Code of Conduct for the Digital Age
I seriously told a friend “I wish pastors would ask me before they do anything on Facebook.” There’s just so many clergy on facebook that are unaware of how to use the system to its full benefit for churches. So, here’s my advice when it comes to changing churches (most changes happen in the coming month).
In connectional denominational systems like the UMC (where pastors are moved frequently among churches), the expectation is that pastors would cease contact with their former congregation. But what about Facebook and social media? Should pastors unfriend their former congregants? Should they keep them friends? It’s a touchy question in the digital age that our polity hasn’t caught up to yet.
If there are any UMC conferences that have published expectations for digital presence and relationships, I’d love to see them. Post them in the comments.
In the meantime, I previously blogged about this problem last year in “Having Multiple Identities is an Example of a Lack of Integrity“…but here’s the updated version after another year of practice and reflection.
There are four options of what to do with online personas and pastoral moves.
Novice: Delete all your former church’s friends.
- The simplest way is to delete all the friends of your old account. This means they are not part of your life anymore and you change churches without any further attachments. Done and done.
- Feelings may be hurt but it’s the cleanest break.
Beginner: Start a new account for the new pastorate.
- Some pastors have taken to having a “real persona” and a “church persona”: ie. two facebook accounts, one for their family and friends (Jeremy), and one for their “professional” life (Pastor Jeremy). While I think it neglects to use Facebook to its full advantage (see below options), it does make a break between churches easy.
- So the solution is to simply stop using the Pastor Jeremy account and start another account (Super Pastor Jeremy) and begin friending your new parishioners there.
- You can then cease to check the former pastorate’s account or check it infrequently. If you set your email notifications correctly, you could get notes whenever they write on your wall or direct message you, but otherwise you cut off communication with them.
- As a combination of Novice and Beginner, if you have two accounts, then wipe the friends list of the Pastoral account and start anew, only friending your new parish. This maintains the boundary pretty cleanly.
- Please note, however, that two accounts is a violation of Facebook’s Terms of Service. They will likely never bother you but it is technically against the rules.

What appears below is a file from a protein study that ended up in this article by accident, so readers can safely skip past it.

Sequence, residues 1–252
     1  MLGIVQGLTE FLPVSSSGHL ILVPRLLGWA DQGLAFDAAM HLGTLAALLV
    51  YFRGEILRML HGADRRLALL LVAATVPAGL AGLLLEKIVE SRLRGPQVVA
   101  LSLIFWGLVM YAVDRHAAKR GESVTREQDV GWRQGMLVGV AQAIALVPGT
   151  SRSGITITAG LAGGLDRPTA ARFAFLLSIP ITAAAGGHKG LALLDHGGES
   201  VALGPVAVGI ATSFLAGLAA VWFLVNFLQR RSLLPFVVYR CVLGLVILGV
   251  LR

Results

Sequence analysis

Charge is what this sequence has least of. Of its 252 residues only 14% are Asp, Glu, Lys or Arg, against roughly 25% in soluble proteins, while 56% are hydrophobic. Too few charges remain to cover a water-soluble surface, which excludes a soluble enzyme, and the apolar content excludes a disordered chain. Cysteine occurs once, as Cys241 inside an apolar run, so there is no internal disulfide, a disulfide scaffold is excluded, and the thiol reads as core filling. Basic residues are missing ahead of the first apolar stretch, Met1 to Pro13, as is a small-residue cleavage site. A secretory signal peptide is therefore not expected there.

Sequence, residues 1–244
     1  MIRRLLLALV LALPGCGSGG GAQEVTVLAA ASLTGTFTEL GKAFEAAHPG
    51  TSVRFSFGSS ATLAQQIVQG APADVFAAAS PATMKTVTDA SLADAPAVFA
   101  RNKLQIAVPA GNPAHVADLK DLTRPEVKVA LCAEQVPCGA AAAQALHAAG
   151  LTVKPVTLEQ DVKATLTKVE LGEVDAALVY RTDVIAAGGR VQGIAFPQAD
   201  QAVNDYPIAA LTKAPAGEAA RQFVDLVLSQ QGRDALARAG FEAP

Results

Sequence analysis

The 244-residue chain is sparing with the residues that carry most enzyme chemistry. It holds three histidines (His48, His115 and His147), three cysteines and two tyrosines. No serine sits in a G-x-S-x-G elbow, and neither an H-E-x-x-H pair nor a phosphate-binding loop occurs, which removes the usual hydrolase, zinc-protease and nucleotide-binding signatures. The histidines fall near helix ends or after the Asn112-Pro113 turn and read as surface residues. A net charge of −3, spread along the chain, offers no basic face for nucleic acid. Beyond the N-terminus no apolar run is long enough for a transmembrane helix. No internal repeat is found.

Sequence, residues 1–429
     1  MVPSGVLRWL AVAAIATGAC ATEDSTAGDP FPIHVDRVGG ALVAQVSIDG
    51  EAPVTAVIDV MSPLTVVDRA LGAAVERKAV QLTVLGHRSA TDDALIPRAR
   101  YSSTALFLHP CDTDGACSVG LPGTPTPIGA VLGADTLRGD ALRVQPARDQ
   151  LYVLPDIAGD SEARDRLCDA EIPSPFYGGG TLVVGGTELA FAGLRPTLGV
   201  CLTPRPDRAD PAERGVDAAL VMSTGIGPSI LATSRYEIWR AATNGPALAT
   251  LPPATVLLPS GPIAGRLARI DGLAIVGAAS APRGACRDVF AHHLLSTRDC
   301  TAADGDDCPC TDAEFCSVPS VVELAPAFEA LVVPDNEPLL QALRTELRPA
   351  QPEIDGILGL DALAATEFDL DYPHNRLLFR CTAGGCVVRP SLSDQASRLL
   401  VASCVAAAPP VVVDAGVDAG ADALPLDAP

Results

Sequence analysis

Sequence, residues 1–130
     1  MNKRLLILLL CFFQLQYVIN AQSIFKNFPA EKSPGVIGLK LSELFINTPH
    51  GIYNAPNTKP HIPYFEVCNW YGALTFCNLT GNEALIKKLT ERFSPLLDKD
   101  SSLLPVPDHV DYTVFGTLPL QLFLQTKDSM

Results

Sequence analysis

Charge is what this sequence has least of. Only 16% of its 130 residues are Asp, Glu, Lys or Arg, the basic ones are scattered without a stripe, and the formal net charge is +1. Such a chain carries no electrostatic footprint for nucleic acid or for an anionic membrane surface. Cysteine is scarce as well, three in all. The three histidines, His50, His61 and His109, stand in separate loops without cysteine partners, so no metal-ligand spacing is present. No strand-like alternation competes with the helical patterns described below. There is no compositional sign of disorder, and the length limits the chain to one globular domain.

Advanced: Start a friends list for each church.
- This is the most advanced of the Facebook options. It is also the most effective, in my opinion. Master and understand this and you are a Facebook pro.
- First, create your friends list.
- Click “Edit your friends” here.
- Click on “Create a List” and name it your former church.
- Add your parishioners to that list.
- Second, assign privacy restrictions.
- Click on “Privacy Settings” here.
- Click on CUSTOMIZE on the left side.
- Now under each item that you want to hide, click the lock button and select “customize”. Set to friends only “except” and type in the friends list you made earlier (it should auto-fill). click SAVE SETTING. The header graphic on this post shows this step.
- This is tedious but do this for each item you want to hide.
- Now, your former parishioners can see your profile INFO tab…but can’t see your wall or photos. In other words, they can still contact you and see where you are in the far future, but they aren’t a part of your day-to-day life.
Pro: Set levels of access for all your friends.
- I make three friends lists: Limited Profile, Safe Profile, and Full Profile.Under privacy, I set these groups to have different levels of access.
- People I meet online or know from church, I add them to my Limited Profile. People here can only see my information, but not my wall (any posted links, pics, tags, etc). It is essentially a static page with my interests and that’s it.
- As I get to know them, I graduate them to my Safe Profile and allow them to see my posted links for discussion. I don’t consider those as private and I don’t mind linking to controversial topics to spur discussion.
- Eventually, I graduate them to Full Profile where they can see my entire wall and everything. Am I taking a risk? Sure. But by then they will have proven their trustworthiness with my random thoughts.
- The benefit of this is that everyone discusses and I can discuss with them all in one place! Saves time and energy with only a little setup and diligence, and I’m not managing multiple accounts or worried about saying the wrong thing to untrusted people, especially youth or parishioners.
So, in summary, there’s four different methods to deal with the former parish members who are your facebook friends:
- Remove them completely from your life (Novice)
- Add them to a church-specific user account that you disconnect from (Beginner)
- Create a friends list with custom privacy controls so the former parish is still aware of your static details (Info tab) but not your dynamic actions (wall). (Advanced)
- Use friends list to their fullest extent and create tiers of trust. When you move parishes, simply move the old parishioners down the tiers so they are more like #3. (Pro)
Thoughts? Reflections? How has your moving churches and social media experience been?